Beyond the foyer an open-floor plan reveals the living room, dining room and kitchen as one fluid space. An indoor-outdoor feeling encompasses the large, airy room.
“Walls can be overrated,” Kim says. “Keeping with the open theme, we wanted to marry the inside to the outside…doors that pocket into the walls make it possible to enjoy the clean Tahoe summer air, and in a way also extends our square footage.”
Pocketing doors open the home totally to the outdoors.
On the second floor sits a small ‘cigar deck.’ The generous outdoor space was a treat to design, Gillespie says. “The cabin lots in Martis can be somewhat land-constrained by the time you get a 3,250 square foot home on the lot, so the challenge is to find area for outdoor living,” says Gillespie. “With this home, we were able to get in a lot of outdoor entertaining space.”
One of the main challenges in designing any home is space planning, Hsieh says. “In the Hymans’ home, we wanted to implement a 25-foot two-sided stone fireplace with stone cladding in the great room without taking square footage away. Every inch was accounted for the furniture and walking space around and between to ensure everything fit perfectly.”
The eyes naturally follow the home’s modern, clean lines to the outdoor patio, where guests can relax on a 360-degree swiveling Cornice 2 chair from Squaw Valley’s past, enjoy the built-in TV, or grill up something tasty on the custom barbecue. A heated gunite in-ground spa with retractable cover sits serenely to one side of the patio.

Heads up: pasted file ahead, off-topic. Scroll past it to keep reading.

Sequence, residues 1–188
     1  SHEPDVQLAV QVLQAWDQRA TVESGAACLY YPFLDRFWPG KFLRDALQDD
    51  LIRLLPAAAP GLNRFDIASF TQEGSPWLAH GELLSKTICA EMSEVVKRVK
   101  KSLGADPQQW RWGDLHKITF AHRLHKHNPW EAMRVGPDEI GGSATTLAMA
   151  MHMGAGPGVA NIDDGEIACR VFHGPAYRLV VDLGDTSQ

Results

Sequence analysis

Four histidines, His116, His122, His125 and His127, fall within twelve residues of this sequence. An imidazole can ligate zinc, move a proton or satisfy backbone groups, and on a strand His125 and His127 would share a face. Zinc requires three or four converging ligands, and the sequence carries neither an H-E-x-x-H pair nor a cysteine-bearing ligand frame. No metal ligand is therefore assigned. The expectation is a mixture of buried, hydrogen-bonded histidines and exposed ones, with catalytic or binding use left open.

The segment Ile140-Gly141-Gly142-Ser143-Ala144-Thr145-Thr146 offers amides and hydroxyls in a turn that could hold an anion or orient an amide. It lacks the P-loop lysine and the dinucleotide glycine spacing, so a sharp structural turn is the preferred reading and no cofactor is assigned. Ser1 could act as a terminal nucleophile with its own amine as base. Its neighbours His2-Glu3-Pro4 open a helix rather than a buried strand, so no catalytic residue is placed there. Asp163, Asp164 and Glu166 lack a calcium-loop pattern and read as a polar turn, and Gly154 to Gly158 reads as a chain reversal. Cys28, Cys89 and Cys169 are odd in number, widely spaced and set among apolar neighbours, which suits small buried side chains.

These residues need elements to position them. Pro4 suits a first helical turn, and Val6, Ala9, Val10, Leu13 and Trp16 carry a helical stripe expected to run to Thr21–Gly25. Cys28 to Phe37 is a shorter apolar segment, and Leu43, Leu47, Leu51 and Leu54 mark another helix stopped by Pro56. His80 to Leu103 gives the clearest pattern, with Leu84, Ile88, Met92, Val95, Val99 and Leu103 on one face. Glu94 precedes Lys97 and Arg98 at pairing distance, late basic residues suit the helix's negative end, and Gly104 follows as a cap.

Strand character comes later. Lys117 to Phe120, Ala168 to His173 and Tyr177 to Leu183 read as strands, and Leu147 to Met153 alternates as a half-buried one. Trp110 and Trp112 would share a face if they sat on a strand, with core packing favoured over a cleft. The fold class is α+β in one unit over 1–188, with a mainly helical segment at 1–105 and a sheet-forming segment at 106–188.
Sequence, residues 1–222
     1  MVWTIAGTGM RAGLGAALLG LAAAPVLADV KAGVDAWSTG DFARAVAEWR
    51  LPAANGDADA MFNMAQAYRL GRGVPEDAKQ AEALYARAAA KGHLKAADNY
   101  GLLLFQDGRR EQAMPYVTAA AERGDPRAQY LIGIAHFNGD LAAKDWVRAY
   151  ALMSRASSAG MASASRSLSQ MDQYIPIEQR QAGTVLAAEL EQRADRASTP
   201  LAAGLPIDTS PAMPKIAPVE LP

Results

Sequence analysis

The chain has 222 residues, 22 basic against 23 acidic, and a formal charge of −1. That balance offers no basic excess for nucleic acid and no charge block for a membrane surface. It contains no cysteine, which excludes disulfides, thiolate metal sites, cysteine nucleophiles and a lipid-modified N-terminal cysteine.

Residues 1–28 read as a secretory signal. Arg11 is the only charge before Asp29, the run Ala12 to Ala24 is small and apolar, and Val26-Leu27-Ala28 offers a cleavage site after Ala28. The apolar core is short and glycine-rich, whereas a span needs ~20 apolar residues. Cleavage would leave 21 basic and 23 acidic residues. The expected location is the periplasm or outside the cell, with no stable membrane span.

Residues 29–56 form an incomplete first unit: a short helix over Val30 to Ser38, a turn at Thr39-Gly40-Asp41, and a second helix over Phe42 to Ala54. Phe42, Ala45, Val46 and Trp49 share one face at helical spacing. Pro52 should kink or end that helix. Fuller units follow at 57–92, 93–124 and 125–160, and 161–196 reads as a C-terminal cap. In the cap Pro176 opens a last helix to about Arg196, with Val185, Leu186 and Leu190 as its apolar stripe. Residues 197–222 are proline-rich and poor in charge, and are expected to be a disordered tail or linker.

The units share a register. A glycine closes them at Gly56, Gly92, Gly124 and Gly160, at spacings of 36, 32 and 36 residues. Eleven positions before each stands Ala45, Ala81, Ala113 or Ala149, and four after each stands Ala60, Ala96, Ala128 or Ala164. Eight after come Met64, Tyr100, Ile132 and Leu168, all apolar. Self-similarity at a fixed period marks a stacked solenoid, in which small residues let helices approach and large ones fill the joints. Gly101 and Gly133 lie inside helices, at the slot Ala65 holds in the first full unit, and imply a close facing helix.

One of several slight adjustments made in the building process was that of the roof, says Tanner, which originally was meant to be sheet-rocked on the inside. Instead, the exposed curved steel beams carry from inside to outside, with warm clear cedar interspersed.
Another key redesign was figuring out how to create a space for the Hymans’ wine collection.
“The Hymans are wine connoisseurs so I wanted to highlight their passion in the home,” says Hsieh. Because no wine cellar existed in the original plans, she designed a six-foot-wide, 80-bottle, temperature-controlled wine wall with an illuminating bronze metal background in the game room. “I envisioned the wine wall as a focal point, an ‘art piece’ to showcase their collection.”